Younger generations are relying more on social media than schooling for their education on sustainability issues. 51% of Gen Z and 44% of Gen Alpha rely on social media – not schooling – as the primary source of their education on sustainability issues. Across all generations, social media is trusted less as a source for sustainability knowledge than television news and schooling, according to a report by consultancy EY in collaboration with NGO youth organisation JA Worldwide.
However, social media is trusted less as a source for sustainability knowledge than television news and schooling across all generations. More than a quarter of both Gen Z and Gen Alpha list schools and teachers as the top source from which they want more sustainability knowledge, the report shows.
The survey included more than 1,200 respondents across generations from 72 countries in the Americas, EMEIA and Asia-Pacific regions. Gen Z, born 1995 – 2009, described as the first digital native generation while Gen Alpha, born 2010 – now, is the first generation to grow up in an entirely digital world.
The survey found school systems could do more to help younger generations understand the importance of sustainability and take positive action by providing more workshops and hands-on classroom learning”, EY says.
“The survey found that younger generation respondents believe they have a deeper knowledge of global sustainability issues than older generation respondents. Almost a quarter of Gen Alpha respondents reported being either very or extremely aware of global environmental practices, compared with 10% of Gen X respondents and just 4% of baby boomer respondents.”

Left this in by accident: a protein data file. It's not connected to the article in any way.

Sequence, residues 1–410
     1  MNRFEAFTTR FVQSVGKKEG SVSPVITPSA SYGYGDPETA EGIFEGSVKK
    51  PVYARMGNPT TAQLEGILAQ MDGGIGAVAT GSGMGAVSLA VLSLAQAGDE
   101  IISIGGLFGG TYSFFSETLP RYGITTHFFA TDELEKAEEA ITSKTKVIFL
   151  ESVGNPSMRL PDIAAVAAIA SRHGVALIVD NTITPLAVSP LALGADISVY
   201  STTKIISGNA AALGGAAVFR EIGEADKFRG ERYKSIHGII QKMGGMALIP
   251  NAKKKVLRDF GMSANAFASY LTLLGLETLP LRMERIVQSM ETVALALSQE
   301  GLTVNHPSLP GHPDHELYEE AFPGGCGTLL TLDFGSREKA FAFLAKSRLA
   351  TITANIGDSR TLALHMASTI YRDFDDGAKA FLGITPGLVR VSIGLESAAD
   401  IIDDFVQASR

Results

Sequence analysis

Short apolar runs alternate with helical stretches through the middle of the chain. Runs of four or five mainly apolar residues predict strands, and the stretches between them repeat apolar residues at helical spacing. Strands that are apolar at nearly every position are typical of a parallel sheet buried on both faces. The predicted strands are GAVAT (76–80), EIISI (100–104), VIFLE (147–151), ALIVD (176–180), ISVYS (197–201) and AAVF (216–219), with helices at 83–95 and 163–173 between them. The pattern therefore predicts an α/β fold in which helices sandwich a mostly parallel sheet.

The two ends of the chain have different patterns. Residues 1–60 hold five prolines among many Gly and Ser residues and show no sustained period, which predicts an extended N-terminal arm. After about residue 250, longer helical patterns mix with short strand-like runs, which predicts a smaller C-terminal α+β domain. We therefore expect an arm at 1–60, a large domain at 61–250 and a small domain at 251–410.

All generations surveyed said they were willing to take steps to combat climate change, such as eating less meat, recycling or choosing to reduce air travel.
However, younger generation respondents lagged other generation respondents in their preparedness to act. Gen X (64%) and millennials (65%) were “extremely” or “very” willing to make changes in their daily life to be more sustainable, while less than half of Gen Alpha respondents (43%) and Gen Z respondents (44%) were prepared to make the same commitment, EY reports.
Organizations of all types – from governments and corporations to NGOs and educators – must be ready to work together to elevate the environmental literacy of young people. Co-ordinated actions to improve education and training, designed in a way that engages these new generations, will be critical for building a more sustainable world”, says Julie Linn Teigland, EY EMEIA Area Managing Partner, says
82% of Gen Alpha respondents and 76% of Gen Z respondents said they believe education plays a critically important role in helping them lead more sustainable lives.
- Only 56% of Gen Alpha and 45% of Gen Z were satisfied with the sustainability education they received in school.
- 30% of all generations ranked social media as their most prevalent source for information about sustainability, especially for Gen Z and Gen Alpha
- 50% of all the respondents, across generations, pointed to the cost of achieving a sustainable lifestyle as the primary barrier for increased sustainability. They also said the lack of tangible sustainability knowledge is the next biggest barrier.